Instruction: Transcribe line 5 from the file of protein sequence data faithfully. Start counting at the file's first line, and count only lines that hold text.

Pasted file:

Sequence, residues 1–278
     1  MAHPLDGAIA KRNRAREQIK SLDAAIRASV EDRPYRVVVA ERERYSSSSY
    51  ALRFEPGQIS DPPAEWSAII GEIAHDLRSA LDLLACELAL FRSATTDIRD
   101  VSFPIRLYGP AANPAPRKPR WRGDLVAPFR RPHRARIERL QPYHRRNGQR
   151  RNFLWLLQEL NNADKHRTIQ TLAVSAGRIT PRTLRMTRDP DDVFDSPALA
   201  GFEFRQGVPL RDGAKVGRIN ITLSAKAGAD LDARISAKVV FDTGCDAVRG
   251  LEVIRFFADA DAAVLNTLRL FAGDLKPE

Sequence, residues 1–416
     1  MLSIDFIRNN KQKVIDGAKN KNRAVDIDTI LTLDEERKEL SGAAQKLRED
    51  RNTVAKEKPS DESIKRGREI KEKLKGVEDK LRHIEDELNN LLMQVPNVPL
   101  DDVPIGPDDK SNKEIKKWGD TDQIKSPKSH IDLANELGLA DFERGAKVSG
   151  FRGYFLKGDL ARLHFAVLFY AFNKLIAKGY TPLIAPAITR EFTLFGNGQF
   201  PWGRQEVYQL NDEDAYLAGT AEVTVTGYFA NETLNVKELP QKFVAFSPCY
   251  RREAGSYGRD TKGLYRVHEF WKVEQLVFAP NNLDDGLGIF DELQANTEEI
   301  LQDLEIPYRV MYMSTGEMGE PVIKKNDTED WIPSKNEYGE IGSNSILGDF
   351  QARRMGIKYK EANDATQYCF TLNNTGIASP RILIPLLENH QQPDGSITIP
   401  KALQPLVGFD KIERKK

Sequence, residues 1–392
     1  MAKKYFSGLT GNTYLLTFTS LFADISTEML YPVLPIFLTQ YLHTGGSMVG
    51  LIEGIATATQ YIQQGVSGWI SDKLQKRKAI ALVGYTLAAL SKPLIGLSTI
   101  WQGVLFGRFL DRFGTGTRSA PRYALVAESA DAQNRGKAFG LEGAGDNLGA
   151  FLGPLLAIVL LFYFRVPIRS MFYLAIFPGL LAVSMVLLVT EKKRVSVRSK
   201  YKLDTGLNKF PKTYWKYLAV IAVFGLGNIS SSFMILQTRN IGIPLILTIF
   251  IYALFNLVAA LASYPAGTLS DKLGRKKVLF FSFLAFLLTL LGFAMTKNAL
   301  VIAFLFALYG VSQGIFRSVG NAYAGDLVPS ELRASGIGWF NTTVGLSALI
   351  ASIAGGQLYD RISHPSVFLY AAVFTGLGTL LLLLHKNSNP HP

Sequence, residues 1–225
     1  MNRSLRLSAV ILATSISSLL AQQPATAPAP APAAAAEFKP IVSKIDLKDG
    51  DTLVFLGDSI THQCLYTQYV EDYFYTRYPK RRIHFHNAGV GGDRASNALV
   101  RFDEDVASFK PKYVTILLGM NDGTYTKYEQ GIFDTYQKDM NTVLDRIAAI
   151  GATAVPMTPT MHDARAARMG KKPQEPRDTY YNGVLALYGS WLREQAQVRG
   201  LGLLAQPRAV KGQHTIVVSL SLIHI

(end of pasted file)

   151  RNFLWLLQEL NNADKHRTIQ TLAVSAGRIT PRTLRMTRDP DDVFDSPALA